Not my favorite Abbey bookand actually maybe my least favorite Abbey book so fair. A handful of the essays were very tangentially related to rivers, if related to rivers at all. At times, it felt like Abbeys editor had a length requirement for the book, so Abbey found more essays to include.

Otherwise, his essays were (and always are) very thought provoking and entertaining. It was especially great to read next to Big Tesuque river in Santa Fe and the White Mountains and Mogollon Rim of Arizona.
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Greg Marcinkowski
Jun 26, 2018 rated it liked it
Quintessential Abbey. I think this is my 5th book of his now, and after every one I feel like I need to step away from him and his desert sermons. But then after a break, I am always drawn back to his writing. I appreciate his blunt, condescending, cynical style, and there is no doubt about his love of the west. I smile just thinking about how he would describe our current administration and the state of our public lands.
Jordan Conerty
Jul 01, 2019 rated it really liked it
A fine read for Abbey fans familiar with The Monkey Wrench Gang and Desert Solitaire. The essays jump around in subject matter but remain constant in tone; Abbey's observational snark is unmistakeable and unrelenting. This book will make you want to go on a river trip - and you should before it's too late, says Abbey. Also, stick around for the review of Zen and The Art of Motorcycle Maintenance. It's a gem.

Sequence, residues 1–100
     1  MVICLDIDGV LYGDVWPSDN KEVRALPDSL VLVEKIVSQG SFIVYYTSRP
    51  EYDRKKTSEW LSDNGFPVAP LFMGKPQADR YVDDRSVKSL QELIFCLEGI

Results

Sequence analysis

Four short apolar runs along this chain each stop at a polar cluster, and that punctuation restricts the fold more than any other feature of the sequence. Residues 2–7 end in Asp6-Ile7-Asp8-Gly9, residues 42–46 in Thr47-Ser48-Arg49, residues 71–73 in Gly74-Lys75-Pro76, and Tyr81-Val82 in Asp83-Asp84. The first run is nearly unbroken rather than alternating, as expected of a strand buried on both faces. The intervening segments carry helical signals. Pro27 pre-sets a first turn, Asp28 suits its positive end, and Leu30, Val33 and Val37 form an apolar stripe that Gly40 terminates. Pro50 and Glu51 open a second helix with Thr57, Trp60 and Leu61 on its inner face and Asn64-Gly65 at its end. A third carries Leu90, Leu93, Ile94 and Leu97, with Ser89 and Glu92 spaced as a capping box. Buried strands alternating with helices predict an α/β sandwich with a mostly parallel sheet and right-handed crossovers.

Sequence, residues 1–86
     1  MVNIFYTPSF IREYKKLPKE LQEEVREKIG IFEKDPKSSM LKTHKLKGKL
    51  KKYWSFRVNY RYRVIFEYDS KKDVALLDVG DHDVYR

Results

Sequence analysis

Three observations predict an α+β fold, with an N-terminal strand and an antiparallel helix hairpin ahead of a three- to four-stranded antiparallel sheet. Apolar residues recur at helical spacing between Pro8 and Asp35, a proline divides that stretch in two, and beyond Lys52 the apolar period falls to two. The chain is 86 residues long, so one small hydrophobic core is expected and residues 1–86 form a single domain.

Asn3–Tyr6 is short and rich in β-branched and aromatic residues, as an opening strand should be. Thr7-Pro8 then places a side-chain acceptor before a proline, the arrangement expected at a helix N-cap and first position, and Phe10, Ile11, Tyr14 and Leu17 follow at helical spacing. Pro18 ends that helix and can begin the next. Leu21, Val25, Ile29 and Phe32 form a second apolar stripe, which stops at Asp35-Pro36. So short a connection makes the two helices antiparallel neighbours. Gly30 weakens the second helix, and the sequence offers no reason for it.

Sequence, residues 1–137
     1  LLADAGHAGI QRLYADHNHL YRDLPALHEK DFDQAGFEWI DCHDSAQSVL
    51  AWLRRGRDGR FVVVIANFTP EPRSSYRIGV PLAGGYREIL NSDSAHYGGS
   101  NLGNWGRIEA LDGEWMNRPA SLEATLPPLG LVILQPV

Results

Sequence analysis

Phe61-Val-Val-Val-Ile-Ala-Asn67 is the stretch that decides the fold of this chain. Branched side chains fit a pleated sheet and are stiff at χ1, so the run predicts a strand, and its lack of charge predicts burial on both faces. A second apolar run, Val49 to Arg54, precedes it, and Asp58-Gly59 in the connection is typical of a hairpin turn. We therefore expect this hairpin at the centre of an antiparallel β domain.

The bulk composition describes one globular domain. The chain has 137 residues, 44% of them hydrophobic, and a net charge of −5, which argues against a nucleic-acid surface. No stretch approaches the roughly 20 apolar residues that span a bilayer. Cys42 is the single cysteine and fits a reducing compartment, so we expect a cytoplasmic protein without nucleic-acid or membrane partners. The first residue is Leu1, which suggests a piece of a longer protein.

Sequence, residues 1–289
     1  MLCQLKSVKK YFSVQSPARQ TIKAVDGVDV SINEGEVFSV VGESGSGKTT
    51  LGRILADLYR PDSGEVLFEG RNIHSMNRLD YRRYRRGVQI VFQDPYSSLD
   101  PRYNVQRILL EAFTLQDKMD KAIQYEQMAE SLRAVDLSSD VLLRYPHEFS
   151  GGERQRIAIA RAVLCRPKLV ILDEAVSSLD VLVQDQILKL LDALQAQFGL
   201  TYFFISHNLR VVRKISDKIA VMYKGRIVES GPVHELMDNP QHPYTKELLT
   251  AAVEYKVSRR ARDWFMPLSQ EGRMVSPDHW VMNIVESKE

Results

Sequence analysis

Lee
Feb 17, 2018 rated it really liked it
You can not go wrong traveling with Abbey as writes about his adventures and appreciation of Redrock and River experiences in Utah. His vivid descriptions, especially if you share his love of outdoor experience are mesmorizing.
Alan
Aug 13, 2019 rated it it was amazing
Abbey was a racist, a misogynist, a sexist. All the -ists, he was one. Makes you want to punch him in the throat.

But an amazingly brilliant writer.

Bonus: his friend's review of Zen and The Art of Motorcycle Maintenance. Worth it just for this!
Nikki
Aug 13, 2019 rated it liked it
I've heard this reading was better than Desert Solitaire, but I don't think that was the case. The essays aren't very united around a common theme, and most of them, while discussing important subjects, seem rushed in their composition.
Sitting Bull
Aug 07, 2018 rated it really liked it
Not my favorite of his collections, but pretty darn good (it's Cactus Ed after all).
Chuck Herrera
Oct 12, 2018 rated it it was amazing
There will always be a 1492. There will always be a Grand Canyon. There will always be a Rio Dolores, dam or no Dam. ...more
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Edward Paul Abbey (19271989) was an American author and essayist noted for his advocacy of environmental issues, criticism of public land policies, and anarchist political views.

Abbey attended college in New Mexico and then worked as a park ranger and fire lookout for the National Park Service in the Southwest. It was during this time that he developed the relationship with the areas environment
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“Modern men and women are obsessed with the sexual; it is the only realm of primordial adventure still left to most of us. Like apes in a zoo, we spend our energies on the one field of play remaining; human lives otherwise are pretty well caged in by the walls, bars, chains, and locked gates of our industrial culture.” 6 likes
“Our culture runs on coffee and gasoline, the first often tasting like the second.” 5 likes